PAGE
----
In the end, remember that you are a powerful woman. Trust your intuition. If something doesn’t feel good, don’t ignore that feeling. Listen to your body, do what makes you feel good. Prenatal yoga is a great opportunity to bond with your baby, to meet other moms and to prepare your body for the birthing process. I hope to see you in class!
Plants for Life,
Stephanie Misanik, INHC, RYT-200
Are you considering hiring a specialist to encapsulate your placenta?
Placenta encapsulation is an awesome process that transforms your baby’s placenta into capsules. You then take your ‘placenta pills’ as a postpartum supplement. Placenta encapsulation can improve your overall postpartum wellness experience, and may help: balance hormones, support lactation and enhance milk supply, replenish iron, minerals, and vitamins, mitigate postpartum bleeding, provide natural pain relief, ease ‘Baby Blues’, decrease severity of postpartum mood disorders, and boost energy. If you are wanting to know more about what hormones, minerals, and vitamins are in your placenta and why they can help facilitate postpartum healing, take a look here.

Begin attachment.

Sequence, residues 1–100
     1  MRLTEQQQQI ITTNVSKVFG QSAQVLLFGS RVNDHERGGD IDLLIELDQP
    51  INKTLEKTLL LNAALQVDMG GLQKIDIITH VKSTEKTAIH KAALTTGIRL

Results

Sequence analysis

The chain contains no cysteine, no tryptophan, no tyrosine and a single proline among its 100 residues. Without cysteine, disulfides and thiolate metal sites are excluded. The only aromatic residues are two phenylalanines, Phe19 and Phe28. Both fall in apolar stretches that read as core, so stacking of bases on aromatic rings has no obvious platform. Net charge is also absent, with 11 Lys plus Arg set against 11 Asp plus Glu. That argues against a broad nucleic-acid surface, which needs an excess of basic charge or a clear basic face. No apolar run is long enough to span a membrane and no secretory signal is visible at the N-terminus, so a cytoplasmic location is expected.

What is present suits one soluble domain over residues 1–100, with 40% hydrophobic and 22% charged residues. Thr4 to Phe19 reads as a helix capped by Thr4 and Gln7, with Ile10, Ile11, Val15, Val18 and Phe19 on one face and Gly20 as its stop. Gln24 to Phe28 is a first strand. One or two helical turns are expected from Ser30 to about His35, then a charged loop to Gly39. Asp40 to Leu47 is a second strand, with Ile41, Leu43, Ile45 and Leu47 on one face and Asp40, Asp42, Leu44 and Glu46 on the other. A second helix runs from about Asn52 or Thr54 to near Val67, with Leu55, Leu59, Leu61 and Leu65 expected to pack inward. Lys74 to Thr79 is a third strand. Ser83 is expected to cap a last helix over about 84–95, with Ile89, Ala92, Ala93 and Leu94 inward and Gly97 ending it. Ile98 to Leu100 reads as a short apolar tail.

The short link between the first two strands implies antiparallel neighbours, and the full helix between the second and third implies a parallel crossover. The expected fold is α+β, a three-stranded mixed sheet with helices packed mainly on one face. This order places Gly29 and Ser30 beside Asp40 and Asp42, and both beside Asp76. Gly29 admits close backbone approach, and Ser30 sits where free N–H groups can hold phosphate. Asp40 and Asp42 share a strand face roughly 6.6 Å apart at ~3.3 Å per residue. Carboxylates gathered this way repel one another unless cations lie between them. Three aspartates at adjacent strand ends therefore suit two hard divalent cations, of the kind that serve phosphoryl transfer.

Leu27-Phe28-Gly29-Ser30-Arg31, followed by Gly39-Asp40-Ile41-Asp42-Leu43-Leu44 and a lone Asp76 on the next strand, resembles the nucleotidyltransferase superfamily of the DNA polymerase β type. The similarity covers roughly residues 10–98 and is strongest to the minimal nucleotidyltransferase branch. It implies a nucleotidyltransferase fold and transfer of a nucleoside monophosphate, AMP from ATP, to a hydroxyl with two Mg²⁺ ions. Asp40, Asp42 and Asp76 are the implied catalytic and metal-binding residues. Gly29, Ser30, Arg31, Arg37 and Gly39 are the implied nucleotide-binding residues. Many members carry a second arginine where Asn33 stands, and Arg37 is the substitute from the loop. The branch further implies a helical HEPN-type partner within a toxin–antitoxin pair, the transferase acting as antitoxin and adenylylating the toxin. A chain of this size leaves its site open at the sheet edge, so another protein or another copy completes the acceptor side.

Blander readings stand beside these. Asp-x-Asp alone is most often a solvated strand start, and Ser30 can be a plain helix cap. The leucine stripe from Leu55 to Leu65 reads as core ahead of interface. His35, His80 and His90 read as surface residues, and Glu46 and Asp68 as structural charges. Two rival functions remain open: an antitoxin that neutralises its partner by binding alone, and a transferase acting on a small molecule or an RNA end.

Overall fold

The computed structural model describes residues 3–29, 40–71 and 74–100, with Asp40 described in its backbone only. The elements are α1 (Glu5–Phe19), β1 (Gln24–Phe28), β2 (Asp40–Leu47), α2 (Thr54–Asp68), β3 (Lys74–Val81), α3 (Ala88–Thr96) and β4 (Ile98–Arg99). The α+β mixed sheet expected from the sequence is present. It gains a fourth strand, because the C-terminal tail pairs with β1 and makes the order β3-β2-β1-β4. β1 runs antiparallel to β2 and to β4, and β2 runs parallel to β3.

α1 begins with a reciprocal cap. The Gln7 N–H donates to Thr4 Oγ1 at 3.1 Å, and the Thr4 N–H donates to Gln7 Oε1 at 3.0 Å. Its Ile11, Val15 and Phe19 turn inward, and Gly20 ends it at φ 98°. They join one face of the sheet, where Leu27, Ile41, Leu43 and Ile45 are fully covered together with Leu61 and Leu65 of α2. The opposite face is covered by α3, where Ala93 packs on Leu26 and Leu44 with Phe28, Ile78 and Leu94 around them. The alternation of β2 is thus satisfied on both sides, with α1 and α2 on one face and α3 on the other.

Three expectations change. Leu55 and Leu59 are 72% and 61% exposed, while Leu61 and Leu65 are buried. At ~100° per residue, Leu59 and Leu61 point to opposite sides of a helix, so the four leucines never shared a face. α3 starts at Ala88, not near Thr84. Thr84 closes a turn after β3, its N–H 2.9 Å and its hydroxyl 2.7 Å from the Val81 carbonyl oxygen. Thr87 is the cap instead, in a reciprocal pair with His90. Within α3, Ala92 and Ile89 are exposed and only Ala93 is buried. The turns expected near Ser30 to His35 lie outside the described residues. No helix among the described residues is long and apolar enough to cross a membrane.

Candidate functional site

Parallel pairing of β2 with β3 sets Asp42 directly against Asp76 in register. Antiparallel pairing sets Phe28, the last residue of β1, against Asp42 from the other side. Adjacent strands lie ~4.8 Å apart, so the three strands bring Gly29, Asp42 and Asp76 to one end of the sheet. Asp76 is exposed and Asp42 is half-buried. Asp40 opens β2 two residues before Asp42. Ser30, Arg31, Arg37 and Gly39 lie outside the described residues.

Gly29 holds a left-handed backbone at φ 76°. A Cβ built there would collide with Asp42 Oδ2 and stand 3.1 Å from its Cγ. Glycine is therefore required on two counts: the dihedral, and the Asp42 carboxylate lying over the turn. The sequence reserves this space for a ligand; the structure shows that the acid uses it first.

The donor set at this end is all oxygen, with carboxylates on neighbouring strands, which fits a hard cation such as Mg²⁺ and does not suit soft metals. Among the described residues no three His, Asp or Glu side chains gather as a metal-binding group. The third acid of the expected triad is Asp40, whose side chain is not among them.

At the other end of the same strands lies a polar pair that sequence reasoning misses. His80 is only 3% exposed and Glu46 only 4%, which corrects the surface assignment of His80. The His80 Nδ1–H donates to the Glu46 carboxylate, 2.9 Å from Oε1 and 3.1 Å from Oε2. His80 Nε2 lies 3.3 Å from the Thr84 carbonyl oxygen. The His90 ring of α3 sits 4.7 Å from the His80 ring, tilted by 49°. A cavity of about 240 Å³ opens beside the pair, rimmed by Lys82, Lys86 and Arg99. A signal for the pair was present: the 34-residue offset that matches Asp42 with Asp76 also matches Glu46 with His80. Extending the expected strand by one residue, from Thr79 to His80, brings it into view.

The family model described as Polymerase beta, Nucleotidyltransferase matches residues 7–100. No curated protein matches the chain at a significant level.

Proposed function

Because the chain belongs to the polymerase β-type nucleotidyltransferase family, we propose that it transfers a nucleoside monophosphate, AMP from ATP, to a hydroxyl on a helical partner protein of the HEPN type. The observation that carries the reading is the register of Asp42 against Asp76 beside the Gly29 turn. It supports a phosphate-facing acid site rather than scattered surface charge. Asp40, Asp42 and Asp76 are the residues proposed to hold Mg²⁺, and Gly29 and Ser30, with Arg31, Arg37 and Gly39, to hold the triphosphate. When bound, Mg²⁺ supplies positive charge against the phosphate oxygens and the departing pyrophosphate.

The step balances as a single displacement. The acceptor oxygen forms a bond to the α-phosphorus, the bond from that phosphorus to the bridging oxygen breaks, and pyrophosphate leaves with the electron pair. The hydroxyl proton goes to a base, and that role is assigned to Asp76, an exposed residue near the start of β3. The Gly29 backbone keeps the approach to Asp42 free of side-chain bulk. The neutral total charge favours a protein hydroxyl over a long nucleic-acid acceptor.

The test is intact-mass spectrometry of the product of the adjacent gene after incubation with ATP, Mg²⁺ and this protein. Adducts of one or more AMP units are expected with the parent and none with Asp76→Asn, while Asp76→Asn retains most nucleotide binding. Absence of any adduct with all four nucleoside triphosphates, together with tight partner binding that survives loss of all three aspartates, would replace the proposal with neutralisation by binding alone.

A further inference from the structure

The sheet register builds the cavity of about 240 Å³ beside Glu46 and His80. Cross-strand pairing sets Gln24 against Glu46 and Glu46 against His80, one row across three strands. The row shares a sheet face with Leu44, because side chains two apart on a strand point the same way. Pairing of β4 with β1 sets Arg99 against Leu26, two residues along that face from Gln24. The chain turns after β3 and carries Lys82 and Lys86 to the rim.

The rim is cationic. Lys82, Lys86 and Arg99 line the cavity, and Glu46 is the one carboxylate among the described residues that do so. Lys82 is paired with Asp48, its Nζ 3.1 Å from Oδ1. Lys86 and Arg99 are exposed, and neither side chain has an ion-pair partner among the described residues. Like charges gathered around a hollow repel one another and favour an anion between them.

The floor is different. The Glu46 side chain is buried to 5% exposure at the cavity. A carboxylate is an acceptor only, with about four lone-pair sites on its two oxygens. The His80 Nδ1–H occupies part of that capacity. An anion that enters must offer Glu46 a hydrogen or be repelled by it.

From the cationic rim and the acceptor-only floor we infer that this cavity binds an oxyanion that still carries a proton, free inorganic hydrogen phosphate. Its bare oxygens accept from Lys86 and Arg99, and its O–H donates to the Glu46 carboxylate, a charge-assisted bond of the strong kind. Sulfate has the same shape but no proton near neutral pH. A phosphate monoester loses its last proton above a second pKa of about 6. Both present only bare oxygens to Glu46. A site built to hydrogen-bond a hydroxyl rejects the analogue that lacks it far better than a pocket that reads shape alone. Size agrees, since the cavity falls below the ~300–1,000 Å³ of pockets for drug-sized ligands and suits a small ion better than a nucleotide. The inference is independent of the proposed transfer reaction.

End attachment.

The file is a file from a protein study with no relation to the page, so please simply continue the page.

Once you have decided that encapsulation is right for you, the next step is to find a qualified placenta specialist. So you search Google for ‘Placenta Encapsulation Cleveland’, but what next? Here are six tips to help you hire the best placenta encapsulation specialist.
Placenta services are an unregulated industry, but there are certain standards, trainings, and precautions your professional specialist should follow. You want to find a placenta encapsulation specialist that has:
Completed training and certification with a comprehensive, research-based placenta education program. Ask your prospective placenta encapsulator with whom they have trained. Check out their certifying agency’s website to learn about the curriculum and requirements. Is their organization listed with the Better Business Bureau? If yes, what is their rating? Does internet search results return positive feedback?
The Nurturing Root is proud to have trained with both Placenta Benefits (PBi) and the Association of Placenta Preparation Arts (APPA). Both PBi and APPA are very well-respected organizations providing extensive education and credentialing in placenta preparation. We recommend using either the PBi directory or APPA directory to find an encapsulator in you area.
A current food safety certification. A food safety certification ensures that your placenta encapsulation specialist has tested knowledge in food hazards, proper hygiene practices, cleaning and sanitizing processes, and time and temperature controls.
The Nurturing Root Ohio holds a current ServSafeⓇ Food Handler Certificate.
Completed an OSHA compliant Bloodborne Pathogens training. It is crucial that your placenta encapsulation specialist has demonstrated competency regarding the precautionary guidelines and decontamination practices for handling potentially infectious and biologically hazardous materials.